Too many excellent talks and panels, too little time.
Too many excellent talks and panels, too little time. Sadly, I could only attend for the first day of festivities this year, but wow, what a wonderful day it was! With several talks competing for our attention in each timeslot, we of the writerly persuasion were spoilt for choice. It’s high time we wordsmiths learnt bi-or even tri-location. So many fascinating topics and only one me.
I decided to spend the morning in the Amphitheatre and the afternoon in the Case Study Room. The latter’s name alone is intriguing! What kind of ‘cases’ are studied there? Suitcases? Lawsuits? Medical cases? In Writers Week, it matters not.
The first discussion involved Kate Forsyth and Lorena Carrington discussing feminism in fairy tales with Meri Fatin. Forsyth and Carrington met on Facebook, as do so many friends these days. Kate bought a painting by Lorena, and the pair soon decided to work together, as both were working on fairy-tale type stories that had a strong woman as the main character. Their co-operative venture, Vasilisa the Wise and tales of other brave young women, was published late last year.
The presentation was not all discussion. Forsyth told us a wondrous tale about a prince, a lion and a dove who were, in fact, all one being. Their saviour was a strong young woman – a reversal of the usual male and female roles in fairy tales.
In all their stories, these creative ladies choose to make the main character a strong woman. It’s sad to relate, but similar stories told by men – e.g. the Brothers Grimm – almost invariably centre on a hero who saves a fair maiden from a witch, a dragon or a wicked stepmother. Historically, some tales were, it seems, written by women but were attributed to men.
Forsyth asked us to consider why some tales survive and others vanish into the mists of time. Some are considered to be ‘degraded myths’. Forsyth prefers to call them ‘camouflaged myths’ and considers them to be, in the main, tales of death and rebirth, such as the Persephone legend.
Interesting point – both ladies have daughters who served as models for the artwork!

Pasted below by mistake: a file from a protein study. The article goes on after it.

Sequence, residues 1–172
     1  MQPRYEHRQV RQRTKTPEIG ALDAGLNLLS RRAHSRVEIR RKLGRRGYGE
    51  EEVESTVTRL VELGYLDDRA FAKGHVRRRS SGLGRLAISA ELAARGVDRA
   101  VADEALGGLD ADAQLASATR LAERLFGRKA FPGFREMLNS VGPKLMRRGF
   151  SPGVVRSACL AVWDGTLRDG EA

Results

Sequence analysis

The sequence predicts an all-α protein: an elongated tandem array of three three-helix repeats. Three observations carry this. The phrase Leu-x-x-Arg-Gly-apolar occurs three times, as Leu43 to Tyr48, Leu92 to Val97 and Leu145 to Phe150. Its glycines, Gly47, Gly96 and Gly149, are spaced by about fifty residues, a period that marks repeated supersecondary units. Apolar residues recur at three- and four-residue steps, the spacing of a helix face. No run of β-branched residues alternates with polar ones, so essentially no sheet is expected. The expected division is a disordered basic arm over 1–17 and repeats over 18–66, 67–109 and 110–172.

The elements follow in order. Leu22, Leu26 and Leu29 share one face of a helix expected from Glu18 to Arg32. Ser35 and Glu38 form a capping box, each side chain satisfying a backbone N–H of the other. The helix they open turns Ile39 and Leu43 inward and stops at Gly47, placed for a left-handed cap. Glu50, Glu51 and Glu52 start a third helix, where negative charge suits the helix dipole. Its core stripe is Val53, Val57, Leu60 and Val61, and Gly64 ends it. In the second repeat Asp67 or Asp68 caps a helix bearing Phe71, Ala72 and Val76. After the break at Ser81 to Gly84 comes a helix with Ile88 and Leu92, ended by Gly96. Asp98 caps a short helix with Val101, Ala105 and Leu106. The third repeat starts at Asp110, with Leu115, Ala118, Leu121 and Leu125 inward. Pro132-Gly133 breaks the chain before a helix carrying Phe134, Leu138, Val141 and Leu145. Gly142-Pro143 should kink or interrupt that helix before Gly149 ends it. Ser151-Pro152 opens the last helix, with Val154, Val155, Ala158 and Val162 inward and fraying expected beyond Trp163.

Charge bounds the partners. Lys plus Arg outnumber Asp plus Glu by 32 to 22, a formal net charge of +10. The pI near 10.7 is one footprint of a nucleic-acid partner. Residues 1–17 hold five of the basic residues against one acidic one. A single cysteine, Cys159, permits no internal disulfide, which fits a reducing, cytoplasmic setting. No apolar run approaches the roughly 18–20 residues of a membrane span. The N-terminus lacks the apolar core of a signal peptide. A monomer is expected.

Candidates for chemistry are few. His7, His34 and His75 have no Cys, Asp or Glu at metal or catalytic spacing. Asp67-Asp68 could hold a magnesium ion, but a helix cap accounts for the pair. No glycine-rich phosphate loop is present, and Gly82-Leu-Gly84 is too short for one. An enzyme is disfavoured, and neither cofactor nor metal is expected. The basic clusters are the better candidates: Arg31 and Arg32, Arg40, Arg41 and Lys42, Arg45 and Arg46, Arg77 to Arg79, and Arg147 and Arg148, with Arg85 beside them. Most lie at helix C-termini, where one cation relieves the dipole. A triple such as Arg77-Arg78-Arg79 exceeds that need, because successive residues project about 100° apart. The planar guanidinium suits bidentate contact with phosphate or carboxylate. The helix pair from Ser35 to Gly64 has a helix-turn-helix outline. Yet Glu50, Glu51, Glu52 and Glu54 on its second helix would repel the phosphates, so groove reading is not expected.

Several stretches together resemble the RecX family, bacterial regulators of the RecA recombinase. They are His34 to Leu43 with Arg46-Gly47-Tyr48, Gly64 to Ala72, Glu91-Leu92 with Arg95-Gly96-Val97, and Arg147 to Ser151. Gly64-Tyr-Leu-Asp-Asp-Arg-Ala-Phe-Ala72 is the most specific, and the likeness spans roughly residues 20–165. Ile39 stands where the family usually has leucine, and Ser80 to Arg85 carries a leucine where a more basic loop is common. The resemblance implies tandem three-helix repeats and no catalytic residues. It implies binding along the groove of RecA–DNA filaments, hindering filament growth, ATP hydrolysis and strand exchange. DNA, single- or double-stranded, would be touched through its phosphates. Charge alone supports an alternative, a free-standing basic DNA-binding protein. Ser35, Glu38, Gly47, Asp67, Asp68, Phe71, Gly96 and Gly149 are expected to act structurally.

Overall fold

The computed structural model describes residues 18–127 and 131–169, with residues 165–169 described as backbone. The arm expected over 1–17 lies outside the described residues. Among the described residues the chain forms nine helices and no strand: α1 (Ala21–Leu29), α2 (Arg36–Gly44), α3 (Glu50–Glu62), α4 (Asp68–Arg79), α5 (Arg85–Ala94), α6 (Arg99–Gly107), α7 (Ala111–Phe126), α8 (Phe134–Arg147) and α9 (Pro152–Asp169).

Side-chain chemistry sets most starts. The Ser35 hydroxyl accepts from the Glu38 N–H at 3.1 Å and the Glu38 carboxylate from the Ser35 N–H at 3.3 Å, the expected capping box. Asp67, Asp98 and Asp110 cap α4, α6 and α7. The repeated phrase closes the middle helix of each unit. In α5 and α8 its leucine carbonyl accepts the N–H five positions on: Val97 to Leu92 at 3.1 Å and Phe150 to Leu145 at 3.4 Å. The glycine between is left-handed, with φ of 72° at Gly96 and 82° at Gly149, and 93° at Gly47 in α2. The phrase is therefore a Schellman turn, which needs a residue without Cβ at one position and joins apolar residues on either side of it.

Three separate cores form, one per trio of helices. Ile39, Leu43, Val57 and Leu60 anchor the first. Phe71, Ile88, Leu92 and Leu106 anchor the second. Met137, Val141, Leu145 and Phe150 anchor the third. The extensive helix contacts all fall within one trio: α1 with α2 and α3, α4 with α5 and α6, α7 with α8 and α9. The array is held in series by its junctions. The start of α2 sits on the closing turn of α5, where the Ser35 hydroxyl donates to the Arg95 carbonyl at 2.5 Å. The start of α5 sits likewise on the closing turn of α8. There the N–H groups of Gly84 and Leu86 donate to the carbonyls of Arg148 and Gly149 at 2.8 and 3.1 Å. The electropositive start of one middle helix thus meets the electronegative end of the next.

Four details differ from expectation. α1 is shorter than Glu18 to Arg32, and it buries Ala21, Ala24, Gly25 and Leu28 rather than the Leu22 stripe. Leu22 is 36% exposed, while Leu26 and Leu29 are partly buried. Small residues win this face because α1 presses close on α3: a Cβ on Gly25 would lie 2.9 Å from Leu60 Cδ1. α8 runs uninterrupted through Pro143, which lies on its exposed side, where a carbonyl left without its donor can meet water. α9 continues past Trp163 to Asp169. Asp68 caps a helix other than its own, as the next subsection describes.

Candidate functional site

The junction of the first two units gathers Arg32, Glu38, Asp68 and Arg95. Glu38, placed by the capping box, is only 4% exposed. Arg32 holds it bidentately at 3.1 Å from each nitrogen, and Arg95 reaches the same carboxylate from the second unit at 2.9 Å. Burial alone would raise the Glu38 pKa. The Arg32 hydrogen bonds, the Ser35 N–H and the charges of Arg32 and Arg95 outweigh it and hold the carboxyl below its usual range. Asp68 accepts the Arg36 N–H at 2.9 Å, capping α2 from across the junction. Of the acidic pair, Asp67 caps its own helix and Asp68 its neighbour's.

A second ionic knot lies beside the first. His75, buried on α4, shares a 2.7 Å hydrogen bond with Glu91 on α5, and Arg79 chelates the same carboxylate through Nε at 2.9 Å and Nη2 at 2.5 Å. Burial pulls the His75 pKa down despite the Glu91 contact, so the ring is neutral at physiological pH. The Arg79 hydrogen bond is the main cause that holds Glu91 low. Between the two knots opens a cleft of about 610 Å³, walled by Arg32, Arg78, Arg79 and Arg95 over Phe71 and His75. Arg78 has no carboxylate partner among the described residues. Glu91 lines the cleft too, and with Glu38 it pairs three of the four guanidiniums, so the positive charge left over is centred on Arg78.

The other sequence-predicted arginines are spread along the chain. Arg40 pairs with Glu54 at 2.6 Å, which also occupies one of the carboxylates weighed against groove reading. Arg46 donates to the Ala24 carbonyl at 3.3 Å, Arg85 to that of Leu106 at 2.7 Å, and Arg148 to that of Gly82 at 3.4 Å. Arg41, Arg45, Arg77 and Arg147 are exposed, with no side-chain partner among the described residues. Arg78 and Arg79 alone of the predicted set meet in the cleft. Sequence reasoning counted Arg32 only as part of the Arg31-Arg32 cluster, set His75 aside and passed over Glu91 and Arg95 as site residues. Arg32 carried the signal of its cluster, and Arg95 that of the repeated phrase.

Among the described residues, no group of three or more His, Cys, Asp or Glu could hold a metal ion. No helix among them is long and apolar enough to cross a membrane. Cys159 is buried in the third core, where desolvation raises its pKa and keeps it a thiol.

The next talk, Dancing with Language, involved Anna Haebich, Heather Rose and Noëlle Janaczewska. Sarah McNeill, moderator of the session, described the three books under discussion as having been ‘choreographed’. She invited her three guests to comment on this suggestion.
Anna Haebich, a student of Aboriginal culture, described Aboriginal dance as being both ritual and performance. She described a performance that included western dances such as the waltz and the Charleston. I wish I had seen that – it sounds like great fun! In fact, as a ballet teacher I was intrigued by the idea. Whatever our artistic metier, we constantly draw on the work of others, both within and without our own discipline.
Another panel, more food for thought. On the Outskirts, a discussion between John Kinsella and Tony Hughes-D’eath, was essentially about poets being literature’s protesters. Kinsella admits that as a poet, he constantly feels himself to be ‘on the outskirts’ of the literary world. In fact, he describes what it feels like to be ‘on the outskirts’ of everything! He is of Irish descent, but he is not Irish. He lives in Germany, but doesn’t speak German. Perhaps this feeling of being an outsider is common to all creative souls, resembling Blake’s image of souls waiting on a spiral for a chance to get into Heaven?
My final panel for the day was A Tale of Two Pianos, discussed by Geoffrey Lancaster and Ros Appleby. This talk took me right back to my teenage years as a student at Sydney Conservatorium, and regular lectures on the history and form of music.
Lancaster’s speciality is the history of keyboard instruments, and he has written a book about the topic. Apparently there were 31 piano makers in England around the turn of the 18th century. English pianists, mainly women, favoured instruments with overtones, which were not sought after on the continent, where a crisp, clean sound was preferred. Apparently these early pianos are better suited to the works of Mozart, for example, than are modern instruments. Another point of interest was learning that the first ever piano concerto was created by an English composer, Philip Hayes (1738-1797).
Lancaster is an entertaining and knowledgeable presenter. I especially liked his proposal that musical form can be compared to rhetoric.
All in all, another fabulous festival. All concerned can be proud of their input, and I am looking forward to next year already!
4 ½ stars
Perth Festival Writers Week
First published on
What the stars mean?
- Five stars: Exceptional, unforgettable, a must see
- Four and a half stars: Excellent, definitely worth seeing
- Four stars: Accomplished and engrossing but not the best of its kind
- Three and a half stars: Good, clever, well made, but not brilliant
- Three stars: Solid, enjoyable, but unremarkable or flawed
- Two and half stars: Neither good nor bad, just adequate
- Two stars: Not without its moments, but ultimately unsuccessful
- One star: Awful, to be avoided
- Zero stars: Genuinely dreadful, bad on every level